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Apparently "Oh, just a single tag with the NOT operator. Well, let's just silently ignore that and instead do the exact oposite of what the user wants" is considered to be a good way to handle search requests. I disagree.

Searching for a few phrases I assume will represent some of the "worst" cases in returning many questions, google estimates(1) the following number of questions for the given search phrase:

  • memory 154,000
  • list 410,000
  • error 937,000
  • int 162,000
  • java 841,000
  • single 227,000
  • object 663,000
  • help 884,000
  • input 168,000
  • C++ 287,000
  • net 1,130,000
  • connect 102,000
  • time 809,000
  • print 93,700
  • output 187,000
  • xml 213,000
  • language 900,000
  • html 378,000

Comparing this list with the top 5 tags

  • c# 133251
  • java 86234
  • php 76060
  • javascript 66577
  • .net 61605

then shows that worst case for searching for a phrase is approximately one order of magnitude worse than for tags. Is this too much? Exactly what constitutes a huge number of questions for the NOT operator I do not know, but applying the operator to more than 100,000 questions is already supported today and works fine (for instance searching for [C#] [] returns 104,424 questions tagged c# not .net).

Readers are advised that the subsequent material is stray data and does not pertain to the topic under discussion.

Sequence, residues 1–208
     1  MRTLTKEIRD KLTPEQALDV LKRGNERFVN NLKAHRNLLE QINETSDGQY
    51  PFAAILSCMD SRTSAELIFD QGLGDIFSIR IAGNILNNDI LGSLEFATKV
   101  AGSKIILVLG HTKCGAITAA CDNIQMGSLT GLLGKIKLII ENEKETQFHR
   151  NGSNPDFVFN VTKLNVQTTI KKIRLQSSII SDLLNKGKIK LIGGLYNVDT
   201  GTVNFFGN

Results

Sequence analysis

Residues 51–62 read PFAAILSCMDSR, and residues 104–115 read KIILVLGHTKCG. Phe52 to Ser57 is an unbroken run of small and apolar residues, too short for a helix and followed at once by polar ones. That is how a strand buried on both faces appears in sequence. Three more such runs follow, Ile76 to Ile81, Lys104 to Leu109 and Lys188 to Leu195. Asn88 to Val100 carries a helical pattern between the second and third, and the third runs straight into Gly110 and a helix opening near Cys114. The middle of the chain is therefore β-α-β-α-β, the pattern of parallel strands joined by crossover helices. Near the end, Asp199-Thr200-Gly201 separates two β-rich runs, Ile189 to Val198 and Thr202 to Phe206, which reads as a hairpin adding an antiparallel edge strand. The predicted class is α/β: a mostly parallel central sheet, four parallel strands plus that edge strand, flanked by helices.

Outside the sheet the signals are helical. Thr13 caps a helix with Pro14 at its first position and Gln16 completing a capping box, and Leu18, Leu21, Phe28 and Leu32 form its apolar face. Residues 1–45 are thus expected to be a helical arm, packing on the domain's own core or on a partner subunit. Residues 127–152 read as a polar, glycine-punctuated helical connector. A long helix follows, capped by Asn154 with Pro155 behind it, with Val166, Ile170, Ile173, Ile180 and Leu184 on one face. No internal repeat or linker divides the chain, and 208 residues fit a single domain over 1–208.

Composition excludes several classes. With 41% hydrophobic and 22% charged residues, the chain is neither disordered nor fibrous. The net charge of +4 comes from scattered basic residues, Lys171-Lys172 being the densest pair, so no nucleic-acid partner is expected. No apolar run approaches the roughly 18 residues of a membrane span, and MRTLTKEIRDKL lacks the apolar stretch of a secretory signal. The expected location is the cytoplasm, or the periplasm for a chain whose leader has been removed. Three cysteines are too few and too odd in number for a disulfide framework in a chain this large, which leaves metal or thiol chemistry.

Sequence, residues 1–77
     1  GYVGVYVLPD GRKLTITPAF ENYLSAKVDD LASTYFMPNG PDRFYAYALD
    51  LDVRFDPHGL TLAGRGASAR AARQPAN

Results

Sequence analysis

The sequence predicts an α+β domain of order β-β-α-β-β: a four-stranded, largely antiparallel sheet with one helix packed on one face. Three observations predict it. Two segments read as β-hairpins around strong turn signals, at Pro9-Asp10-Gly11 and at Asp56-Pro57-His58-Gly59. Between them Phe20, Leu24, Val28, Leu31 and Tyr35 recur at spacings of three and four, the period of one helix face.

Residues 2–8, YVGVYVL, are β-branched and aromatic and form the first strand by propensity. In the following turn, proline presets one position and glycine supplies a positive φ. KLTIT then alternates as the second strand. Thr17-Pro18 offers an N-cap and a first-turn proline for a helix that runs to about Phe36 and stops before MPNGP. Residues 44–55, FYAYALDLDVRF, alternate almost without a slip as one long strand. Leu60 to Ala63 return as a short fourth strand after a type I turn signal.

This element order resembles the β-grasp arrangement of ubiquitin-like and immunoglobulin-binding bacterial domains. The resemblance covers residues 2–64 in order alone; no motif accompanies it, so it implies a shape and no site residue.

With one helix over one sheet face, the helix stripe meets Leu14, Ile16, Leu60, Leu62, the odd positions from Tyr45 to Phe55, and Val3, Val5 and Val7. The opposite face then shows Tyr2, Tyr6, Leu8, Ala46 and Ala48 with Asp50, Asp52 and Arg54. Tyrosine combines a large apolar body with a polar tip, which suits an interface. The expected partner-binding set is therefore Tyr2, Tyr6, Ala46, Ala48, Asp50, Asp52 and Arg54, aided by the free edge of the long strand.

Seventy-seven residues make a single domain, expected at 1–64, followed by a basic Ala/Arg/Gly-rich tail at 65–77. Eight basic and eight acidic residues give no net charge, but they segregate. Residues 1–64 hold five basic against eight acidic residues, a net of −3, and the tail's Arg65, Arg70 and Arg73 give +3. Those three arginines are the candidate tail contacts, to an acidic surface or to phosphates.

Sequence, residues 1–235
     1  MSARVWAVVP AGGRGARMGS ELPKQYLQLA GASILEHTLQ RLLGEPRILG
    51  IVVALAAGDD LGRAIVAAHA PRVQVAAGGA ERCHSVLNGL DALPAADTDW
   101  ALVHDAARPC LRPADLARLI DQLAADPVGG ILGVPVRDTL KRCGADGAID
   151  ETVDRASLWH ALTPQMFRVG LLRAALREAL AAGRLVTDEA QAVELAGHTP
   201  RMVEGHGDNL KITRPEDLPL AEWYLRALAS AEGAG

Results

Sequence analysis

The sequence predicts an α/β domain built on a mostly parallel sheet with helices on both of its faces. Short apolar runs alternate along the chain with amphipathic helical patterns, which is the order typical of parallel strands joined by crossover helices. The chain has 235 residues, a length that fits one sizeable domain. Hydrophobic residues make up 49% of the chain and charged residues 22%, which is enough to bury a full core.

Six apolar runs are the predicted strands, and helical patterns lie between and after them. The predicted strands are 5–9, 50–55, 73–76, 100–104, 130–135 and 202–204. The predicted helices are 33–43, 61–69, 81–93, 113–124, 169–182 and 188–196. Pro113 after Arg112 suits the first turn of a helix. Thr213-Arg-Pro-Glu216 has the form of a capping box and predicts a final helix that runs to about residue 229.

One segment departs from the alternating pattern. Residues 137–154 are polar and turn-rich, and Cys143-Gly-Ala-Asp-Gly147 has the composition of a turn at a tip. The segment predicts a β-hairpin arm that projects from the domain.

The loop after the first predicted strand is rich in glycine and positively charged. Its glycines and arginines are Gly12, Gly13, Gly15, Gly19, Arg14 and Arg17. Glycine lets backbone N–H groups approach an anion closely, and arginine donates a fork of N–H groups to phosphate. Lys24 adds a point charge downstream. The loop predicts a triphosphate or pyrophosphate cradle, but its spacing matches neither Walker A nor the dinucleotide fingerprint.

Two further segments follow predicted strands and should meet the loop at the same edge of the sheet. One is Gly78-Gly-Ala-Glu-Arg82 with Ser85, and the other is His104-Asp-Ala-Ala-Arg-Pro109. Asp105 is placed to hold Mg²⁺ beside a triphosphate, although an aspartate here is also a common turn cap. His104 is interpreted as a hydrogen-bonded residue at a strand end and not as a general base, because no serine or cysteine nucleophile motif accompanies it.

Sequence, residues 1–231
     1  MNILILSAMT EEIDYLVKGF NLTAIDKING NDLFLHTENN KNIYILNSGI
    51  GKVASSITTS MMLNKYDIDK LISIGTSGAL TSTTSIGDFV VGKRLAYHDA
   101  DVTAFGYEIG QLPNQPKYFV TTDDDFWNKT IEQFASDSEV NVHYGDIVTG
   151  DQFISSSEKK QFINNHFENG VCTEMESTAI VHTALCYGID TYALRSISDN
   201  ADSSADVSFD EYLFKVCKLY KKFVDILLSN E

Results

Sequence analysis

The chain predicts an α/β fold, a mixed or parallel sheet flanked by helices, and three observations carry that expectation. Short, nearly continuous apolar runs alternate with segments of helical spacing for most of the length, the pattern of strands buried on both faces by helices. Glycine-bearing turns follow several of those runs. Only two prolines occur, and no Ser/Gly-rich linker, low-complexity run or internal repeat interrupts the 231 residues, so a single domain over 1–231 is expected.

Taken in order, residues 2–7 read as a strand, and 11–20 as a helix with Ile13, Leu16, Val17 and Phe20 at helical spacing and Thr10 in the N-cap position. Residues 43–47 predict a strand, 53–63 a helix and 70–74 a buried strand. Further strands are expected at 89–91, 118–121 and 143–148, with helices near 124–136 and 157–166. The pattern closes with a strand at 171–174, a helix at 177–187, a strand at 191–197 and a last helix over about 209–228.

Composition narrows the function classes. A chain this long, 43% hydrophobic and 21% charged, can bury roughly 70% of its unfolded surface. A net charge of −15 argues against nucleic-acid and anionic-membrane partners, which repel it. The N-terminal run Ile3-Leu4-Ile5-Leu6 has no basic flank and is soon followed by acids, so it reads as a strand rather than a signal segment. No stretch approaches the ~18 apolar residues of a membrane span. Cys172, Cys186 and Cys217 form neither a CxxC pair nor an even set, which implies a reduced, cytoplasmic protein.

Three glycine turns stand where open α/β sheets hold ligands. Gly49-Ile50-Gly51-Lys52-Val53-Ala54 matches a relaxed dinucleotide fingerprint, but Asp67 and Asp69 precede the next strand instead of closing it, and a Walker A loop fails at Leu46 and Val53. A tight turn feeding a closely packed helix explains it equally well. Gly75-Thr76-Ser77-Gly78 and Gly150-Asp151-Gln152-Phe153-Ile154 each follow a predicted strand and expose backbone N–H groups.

Therefore there should be no problems to apply the NOT operator on questions selected by a search phrase that returns less than 100,000 questions (e.g. "print" for instance). Quite possibly there are no problems for other search phrases returning more questions as well (any information how large a "huge" number is from someone working with the stackoverflow database?).


What are the reasons for not implementing the following algorithm

  1. User search for "phrase" [-sometag]
  2. Count number of questions with phrase
  3. If the number is greater than <HUGE_NUMBER_THRESHOLD>, abort and display an error page to user explaining the problem
  4. Apply the NOT operator
  5. Present result to user


Obviously googles estimates are just estimates. Stackoverflow currently reports 1,180,414 questions in total - which I assume to be a quite accurate number - and I doubt that there are just around 50,000 questions not containing the phrase "net", so obviously google's estimate for this is too high.

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